Press Release

Black bear hunters urged to use increased caution after grizzly spotted in Unit 10 and 12

The USFWS radio-collared grizzly was last located in Kelly Creek drainage

Black bear hunters in north-central Idaho, specifically those who are hunting in Unit 10 and 12, are asked to use increased vigilance after a radio-collared grizzly bear was spotted by a hunter on Thursday, June 13.

The hunter reported the sighting to Fish and Game staff in the Clearwater Region, and the bear was identified as a 2-year-old grizzly that the U.S. Fish and Wildlife Service collared and released in western Montana in July 2018. The most recent data from the bear’s radio collar places the bear in the Kelly Creek drainage, Fish and Wildlife Service officials confirmed. Kelly Creek is a tributary of the North Fork of the Clearwater River.

There is currently a black bear season open in the hunting unit where the grizzly was observed. Grizzly bears are listed as Threatened under the Endangered Species Act, so it is illegal to kill them. Unit 10 and 12 are not areas where hunters would normally expect to encounter a grizzly bear, although grizzlies have on rare occasions been seen there in the past. Notably, in 2007, a hunter killed a grizzly bear he mistook for a black bear while hunting near Kelly Creek.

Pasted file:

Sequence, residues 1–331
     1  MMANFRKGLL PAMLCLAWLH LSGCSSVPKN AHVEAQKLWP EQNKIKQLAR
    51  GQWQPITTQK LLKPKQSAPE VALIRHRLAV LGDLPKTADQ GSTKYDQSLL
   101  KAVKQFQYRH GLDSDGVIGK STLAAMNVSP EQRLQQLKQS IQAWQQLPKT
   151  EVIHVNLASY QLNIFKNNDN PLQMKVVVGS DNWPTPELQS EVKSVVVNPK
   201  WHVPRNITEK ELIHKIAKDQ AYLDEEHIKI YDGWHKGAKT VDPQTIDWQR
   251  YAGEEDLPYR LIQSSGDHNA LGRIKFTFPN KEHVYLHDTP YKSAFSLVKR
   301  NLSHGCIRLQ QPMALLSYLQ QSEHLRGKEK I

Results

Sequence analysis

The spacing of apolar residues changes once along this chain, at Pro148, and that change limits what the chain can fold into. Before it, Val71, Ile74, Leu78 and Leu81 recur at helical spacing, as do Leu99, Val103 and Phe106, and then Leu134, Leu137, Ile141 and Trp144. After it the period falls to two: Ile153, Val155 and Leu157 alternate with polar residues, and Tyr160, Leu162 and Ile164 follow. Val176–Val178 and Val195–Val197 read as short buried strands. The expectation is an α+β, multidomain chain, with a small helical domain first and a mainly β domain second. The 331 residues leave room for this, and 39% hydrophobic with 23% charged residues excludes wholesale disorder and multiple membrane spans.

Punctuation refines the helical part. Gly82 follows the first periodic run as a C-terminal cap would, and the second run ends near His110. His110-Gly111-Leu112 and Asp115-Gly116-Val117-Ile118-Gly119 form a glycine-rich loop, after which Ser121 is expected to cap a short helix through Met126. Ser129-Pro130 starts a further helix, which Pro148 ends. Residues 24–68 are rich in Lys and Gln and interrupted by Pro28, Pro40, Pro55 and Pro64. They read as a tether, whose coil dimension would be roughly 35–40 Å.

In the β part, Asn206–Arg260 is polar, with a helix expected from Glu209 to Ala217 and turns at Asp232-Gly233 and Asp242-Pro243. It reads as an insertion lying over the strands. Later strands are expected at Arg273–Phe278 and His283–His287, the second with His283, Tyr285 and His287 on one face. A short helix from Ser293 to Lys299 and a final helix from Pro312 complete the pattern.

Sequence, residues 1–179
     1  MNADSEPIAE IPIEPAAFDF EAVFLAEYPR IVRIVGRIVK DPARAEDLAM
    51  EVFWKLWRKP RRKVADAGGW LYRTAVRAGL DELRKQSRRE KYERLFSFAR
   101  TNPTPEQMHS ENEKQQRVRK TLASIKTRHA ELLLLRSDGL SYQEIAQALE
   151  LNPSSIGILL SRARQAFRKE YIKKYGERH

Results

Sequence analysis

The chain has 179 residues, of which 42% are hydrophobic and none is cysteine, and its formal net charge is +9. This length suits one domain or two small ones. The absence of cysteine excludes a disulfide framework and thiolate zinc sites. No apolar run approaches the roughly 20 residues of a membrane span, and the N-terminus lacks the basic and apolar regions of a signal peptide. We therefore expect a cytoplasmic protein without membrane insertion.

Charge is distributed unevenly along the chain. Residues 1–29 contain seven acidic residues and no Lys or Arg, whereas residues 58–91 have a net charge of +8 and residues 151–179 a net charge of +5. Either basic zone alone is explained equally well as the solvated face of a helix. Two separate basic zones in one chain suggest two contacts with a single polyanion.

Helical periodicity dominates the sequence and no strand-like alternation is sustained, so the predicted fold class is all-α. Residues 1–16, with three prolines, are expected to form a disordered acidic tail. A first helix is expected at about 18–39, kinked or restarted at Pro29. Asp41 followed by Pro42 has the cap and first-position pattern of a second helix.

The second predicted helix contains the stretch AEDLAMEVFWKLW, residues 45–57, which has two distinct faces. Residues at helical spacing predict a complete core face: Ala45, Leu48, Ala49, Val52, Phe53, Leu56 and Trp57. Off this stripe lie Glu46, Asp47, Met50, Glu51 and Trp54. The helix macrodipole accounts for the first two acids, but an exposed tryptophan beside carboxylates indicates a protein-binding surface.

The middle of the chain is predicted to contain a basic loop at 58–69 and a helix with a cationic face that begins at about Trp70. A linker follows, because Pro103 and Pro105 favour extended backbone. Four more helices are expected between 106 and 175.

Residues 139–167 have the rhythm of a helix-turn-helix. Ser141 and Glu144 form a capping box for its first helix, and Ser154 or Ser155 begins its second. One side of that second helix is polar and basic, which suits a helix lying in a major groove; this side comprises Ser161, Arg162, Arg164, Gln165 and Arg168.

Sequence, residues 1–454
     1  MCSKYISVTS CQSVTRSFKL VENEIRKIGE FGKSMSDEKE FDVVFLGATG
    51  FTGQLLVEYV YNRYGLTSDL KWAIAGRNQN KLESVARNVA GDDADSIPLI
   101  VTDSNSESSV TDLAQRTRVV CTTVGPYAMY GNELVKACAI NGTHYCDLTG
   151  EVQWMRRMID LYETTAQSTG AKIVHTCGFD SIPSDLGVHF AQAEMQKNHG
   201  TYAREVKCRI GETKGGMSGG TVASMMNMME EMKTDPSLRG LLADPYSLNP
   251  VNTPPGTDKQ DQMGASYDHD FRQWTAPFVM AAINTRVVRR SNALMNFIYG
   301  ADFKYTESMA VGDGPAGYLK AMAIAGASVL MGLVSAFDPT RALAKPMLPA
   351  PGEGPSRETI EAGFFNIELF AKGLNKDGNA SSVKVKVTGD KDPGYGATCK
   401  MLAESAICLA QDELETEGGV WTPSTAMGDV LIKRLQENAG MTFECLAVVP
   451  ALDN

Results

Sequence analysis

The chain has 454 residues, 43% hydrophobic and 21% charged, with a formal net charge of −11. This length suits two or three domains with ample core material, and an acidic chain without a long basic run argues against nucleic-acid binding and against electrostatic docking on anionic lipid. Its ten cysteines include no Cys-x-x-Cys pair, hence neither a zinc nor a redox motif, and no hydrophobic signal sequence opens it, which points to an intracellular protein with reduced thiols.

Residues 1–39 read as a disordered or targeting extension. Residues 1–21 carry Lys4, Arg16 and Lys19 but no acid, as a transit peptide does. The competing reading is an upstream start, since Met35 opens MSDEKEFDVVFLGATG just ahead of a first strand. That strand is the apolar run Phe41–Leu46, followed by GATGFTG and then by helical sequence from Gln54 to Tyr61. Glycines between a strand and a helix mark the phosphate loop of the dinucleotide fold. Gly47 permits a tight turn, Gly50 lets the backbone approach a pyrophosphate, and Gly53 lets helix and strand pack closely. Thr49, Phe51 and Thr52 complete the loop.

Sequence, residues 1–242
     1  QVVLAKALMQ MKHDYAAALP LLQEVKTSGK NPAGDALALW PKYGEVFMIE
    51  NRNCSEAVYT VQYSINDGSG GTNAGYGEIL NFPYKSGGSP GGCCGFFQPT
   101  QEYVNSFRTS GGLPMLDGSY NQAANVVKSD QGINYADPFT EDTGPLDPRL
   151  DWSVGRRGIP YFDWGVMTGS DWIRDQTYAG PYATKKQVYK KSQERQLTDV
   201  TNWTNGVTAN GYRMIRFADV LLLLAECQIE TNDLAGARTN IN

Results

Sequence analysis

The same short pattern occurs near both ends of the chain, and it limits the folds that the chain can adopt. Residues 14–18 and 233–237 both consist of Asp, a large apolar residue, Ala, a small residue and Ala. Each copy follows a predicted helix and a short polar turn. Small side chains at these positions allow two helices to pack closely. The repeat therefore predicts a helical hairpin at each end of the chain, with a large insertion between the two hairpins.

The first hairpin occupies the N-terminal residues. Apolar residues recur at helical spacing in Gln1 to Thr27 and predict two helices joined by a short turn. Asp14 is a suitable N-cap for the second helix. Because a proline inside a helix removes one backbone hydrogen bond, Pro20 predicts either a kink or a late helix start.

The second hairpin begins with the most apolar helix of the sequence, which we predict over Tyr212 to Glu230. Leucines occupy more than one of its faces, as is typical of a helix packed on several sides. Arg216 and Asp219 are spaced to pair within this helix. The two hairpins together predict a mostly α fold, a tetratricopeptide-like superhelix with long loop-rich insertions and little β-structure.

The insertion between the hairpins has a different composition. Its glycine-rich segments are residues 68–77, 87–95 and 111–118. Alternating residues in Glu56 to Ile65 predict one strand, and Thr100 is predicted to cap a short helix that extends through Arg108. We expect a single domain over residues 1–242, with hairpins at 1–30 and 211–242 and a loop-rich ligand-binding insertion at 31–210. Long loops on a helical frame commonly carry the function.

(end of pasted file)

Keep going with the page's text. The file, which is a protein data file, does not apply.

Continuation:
“We want to make sure that hunters in the area be extra-vigilant and careful while afield, both in identifying their targets and while traveling to their hunting spot, because we do have at least one known grizzly bear in there,” said Jon Rachael, state game manager for Fish and Game.

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Here are some tips for hunting safely in grizzly bear territory.

How did the grizzly get here?

According to the Fish and Wildlife Service, the 2-year-old male bear was released in the West Cabinet Mountains in the Montana, near Spar Lake on July 21, 2018. It moved south from the release and crossed the Clark Fork River, spending most of that summer in the area before moving north, back into the West Cabinet Mountains to den for the 2018-19 winter. The grizzly bear emerged in late March, and crossed the Clark Fork river before moving south in late April. Around June 10, it was located 40 miles southeast of Kellogg before recently making its way to the Kelly Creek drainage.